I have a home in Beaufort now and am committed to help in any way I can. I look forward to being part of the legacy that is Pat Conroy.
Caren W. – Beaufort, SC
My story with Pat started in college. I grew up in Morgantown West Virginia, most people haven’t been there but it is – like many other small cities with large land grant universities – a haven of academics and culture in an otherwise fairly conservative and religious state. I grew up in an academic family because my Grandfather moved to Morgantown in 1958 to be a professor of Physics and ended up being Chairman of the department. Two of my closest friends were twins from Nitro, WV. The girls were horrified when parents from their high school and a few others in the area started a movement to have Prince of Tides banned from the school literature. When they heard about this they were furious and said Prince of Tides was one of the most real, riveting and raw books that they were able to read in their AP English class. So, they wanted to do something on behalf of the cause and they asked for my help. I hadn’t read Pat’s books at the time but I was opposed to banning any book of course! So I helped them write a letter. Like Pat, I have a tendency towards super overblown humor and eccentricity but it was a fun project and I felt that it was really important. This letter and others, as you might remember, spurred Pat writing this letter: http://www.patconroy.com/articles_cg-10-07.php
God, it felt like an honor, like one small victory to all of us who got involved in this cause and who wanted to live in and be a part of a bigger life than the ones allowed by our high schools and communities. I am moved every time I read his letter.
Anyway, shortly after his letter appeared I read everything written by Pat Conroy that I could get my hands on. When My Reading Life came out, I wished that I could be lucky enough to have someone like Pat in my life to draw me into the tomes of literature I hadn’t yet explored. I felt inspired by him. When the Cookbook came out I worshipped it for two years. I can’t explain the connection but it was strong, I’m sure you’ve read a thousand stories like mine.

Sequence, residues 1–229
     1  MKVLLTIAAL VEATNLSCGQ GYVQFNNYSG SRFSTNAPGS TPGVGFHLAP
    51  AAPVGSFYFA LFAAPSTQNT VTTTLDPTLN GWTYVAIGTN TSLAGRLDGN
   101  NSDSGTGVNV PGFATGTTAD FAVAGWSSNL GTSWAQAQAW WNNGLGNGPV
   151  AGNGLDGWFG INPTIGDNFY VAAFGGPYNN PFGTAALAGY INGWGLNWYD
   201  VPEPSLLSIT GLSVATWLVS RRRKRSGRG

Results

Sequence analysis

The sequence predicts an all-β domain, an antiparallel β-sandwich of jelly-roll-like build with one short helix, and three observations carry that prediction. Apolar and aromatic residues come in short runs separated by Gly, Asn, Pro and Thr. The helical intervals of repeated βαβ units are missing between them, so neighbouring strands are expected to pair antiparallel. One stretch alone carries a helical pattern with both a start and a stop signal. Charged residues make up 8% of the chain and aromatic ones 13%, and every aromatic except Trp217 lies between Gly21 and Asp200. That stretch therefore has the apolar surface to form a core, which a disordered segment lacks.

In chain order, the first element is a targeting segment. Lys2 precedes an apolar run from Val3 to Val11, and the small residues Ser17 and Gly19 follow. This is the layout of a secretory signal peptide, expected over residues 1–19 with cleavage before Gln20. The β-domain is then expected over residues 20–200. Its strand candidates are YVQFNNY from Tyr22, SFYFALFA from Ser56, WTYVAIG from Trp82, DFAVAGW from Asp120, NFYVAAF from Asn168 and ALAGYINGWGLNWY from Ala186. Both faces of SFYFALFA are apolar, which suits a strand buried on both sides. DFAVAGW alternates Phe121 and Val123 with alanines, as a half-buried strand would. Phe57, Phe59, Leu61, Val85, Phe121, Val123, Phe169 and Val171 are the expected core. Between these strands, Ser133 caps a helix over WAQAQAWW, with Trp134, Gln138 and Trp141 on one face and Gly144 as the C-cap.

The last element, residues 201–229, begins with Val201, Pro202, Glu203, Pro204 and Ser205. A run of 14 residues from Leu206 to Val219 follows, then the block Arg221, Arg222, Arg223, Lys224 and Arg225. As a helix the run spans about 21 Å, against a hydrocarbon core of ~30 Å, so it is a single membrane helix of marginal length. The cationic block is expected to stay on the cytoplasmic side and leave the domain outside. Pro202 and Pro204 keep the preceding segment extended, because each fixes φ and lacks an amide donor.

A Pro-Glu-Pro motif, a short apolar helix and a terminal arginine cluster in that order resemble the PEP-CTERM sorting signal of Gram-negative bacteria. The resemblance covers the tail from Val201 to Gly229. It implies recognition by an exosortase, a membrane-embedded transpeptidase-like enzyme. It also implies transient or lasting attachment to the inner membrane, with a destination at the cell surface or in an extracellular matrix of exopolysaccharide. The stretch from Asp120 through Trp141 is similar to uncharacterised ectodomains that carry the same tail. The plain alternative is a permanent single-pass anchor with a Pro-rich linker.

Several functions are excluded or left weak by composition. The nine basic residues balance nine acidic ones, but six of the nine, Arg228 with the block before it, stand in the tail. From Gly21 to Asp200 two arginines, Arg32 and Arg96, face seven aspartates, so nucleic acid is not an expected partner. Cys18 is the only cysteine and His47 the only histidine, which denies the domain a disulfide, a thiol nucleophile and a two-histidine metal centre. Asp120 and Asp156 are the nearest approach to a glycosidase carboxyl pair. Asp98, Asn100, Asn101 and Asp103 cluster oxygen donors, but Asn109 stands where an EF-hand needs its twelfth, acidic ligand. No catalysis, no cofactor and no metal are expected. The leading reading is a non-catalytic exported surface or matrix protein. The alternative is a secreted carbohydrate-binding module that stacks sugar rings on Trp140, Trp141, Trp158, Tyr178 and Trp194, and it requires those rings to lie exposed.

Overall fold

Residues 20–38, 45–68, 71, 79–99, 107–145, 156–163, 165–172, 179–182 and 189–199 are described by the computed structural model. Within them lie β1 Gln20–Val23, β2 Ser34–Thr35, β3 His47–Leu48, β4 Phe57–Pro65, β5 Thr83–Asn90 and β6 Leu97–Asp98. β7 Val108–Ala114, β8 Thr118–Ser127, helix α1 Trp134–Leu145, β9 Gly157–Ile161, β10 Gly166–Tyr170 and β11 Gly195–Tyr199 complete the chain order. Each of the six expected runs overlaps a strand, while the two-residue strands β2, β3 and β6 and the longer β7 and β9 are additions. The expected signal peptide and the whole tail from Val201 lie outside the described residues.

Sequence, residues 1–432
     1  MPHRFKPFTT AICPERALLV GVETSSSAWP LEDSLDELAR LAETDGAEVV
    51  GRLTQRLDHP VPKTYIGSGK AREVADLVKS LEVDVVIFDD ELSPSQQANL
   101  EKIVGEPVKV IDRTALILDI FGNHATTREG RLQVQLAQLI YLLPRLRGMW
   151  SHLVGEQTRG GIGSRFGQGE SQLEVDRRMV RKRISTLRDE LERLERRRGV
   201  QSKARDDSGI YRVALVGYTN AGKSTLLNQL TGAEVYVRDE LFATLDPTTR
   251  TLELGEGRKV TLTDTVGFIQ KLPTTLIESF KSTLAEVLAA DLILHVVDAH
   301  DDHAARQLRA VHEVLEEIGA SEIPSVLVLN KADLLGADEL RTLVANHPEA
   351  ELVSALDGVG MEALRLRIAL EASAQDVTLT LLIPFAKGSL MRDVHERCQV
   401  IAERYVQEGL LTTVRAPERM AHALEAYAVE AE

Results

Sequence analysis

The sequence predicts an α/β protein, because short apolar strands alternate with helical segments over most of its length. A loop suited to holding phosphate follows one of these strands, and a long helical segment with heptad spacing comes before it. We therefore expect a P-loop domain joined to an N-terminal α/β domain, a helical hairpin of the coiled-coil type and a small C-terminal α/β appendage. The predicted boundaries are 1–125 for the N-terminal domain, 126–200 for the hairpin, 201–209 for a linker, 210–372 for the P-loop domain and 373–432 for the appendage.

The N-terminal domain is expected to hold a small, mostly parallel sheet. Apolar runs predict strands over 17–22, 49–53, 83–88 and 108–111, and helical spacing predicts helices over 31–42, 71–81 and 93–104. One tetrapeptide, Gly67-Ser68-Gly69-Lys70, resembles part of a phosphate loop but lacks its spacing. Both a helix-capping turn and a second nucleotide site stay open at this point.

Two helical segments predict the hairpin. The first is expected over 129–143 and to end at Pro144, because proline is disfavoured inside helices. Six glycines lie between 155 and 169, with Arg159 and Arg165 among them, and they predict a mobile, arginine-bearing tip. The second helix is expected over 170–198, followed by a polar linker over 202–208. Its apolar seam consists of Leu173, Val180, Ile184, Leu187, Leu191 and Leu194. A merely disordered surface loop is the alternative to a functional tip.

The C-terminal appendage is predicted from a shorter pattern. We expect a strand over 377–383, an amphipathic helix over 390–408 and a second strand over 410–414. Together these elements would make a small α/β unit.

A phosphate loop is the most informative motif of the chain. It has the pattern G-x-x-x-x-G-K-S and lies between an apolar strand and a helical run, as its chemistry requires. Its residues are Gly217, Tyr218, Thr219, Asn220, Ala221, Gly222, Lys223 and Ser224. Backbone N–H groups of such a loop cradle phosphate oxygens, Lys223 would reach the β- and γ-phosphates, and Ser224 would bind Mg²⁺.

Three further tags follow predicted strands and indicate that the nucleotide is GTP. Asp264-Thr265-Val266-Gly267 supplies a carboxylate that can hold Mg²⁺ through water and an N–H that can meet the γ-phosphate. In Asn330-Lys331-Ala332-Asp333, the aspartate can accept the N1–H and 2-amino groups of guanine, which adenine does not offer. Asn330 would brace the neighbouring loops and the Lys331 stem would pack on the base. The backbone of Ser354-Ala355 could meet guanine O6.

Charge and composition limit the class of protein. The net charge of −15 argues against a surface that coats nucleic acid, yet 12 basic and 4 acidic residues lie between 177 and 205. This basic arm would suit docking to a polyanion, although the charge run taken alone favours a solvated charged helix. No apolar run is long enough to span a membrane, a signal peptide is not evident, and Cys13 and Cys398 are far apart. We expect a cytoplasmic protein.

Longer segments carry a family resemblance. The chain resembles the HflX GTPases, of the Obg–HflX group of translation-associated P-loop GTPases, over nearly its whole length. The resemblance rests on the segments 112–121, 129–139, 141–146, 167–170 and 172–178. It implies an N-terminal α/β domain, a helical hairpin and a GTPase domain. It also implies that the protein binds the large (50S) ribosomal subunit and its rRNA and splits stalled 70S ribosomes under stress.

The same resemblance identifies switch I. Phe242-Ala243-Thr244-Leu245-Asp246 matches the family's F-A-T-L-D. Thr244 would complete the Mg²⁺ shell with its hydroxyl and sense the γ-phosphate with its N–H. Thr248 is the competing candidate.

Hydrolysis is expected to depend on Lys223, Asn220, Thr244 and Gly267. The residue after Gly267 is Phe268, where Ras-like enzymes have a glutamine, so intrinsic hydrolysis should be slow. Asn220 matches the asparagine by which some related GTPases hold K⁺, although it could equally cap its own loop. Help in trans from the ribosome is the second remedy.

I planned to attend his Birthday Party but a family thing with my Grandmother came up that prevented my attendance. I never dreamed he would be dead so soon after. It broke my heart that I missed a chance to meet him. It is one of my great regrets, really.
I live in Boston now at a demanding job and don’t get to write as much as I’d like to but I would love to find ways to connect with the creative side of me! I donate to the center as a conduit to do something good and to continue Pat’s influence.
Anastasia Pavlovic – Boston, MA
I will never forget the experience of reading my first Pat Conroy book. It was THE PRINCE OF TIDES and I was in my early twenties by the time I got a hold of my mom’s paperback. I was an avid reader with dreams of someday becoming a writer, but as I read the first few pages of Conroy’s book, I knew I held something very special in my hands. I raced through the pages (as much as one can race through a 500+ page book!), and when I reached the end, I needed a few moments of breathless silence in which to recover, before I turned back to page one and started all over again. The second reading was for savoring, and the pure poetry of his words and his message have stayed with me for all of these years.
Fast forward to a few decades later, and I’m a #1 NYT bestselling author, with 21 published novels and millions of copies in print, and I’m hosting a dinner party where two of the invited guests- Mary Elizabeth Sherbert and Theresa Jackson – turn out to be friends of Pat Conroy’s. I was overcome with excitement that they knew one of my literary heroes, and Mary Elizabeth was kind enough to offer to bring back a signed copy of one of my books for Pat. It was a great feeling to be connected to him, even in a remote way, and when I received news of his passing a short while later, like the rest of his readers and fans, I grieved for the loss of such a great man.
Then I saw a post about the Literary Center and wanted to contribute. I hope to add to that donation in the future. Thanks for reaching out and for all of your hard work!
Alyson Noel – Dana Point, CA
Pat Conroy is one of my favorite authors. I truly appreciate a great story; I loved the way he told us people’s stories. He was “The Best”.
I have been a fan for years and I was so fortunate to exchange a few words with him at his Birthday Celebration in 2015. I live in Ohio approximately 7 months of the year and Callawassie Island, SC 5 months of the year. My husband and I love Beaufort and all of the Low Country.
I belong to a Book Group at Callawassie…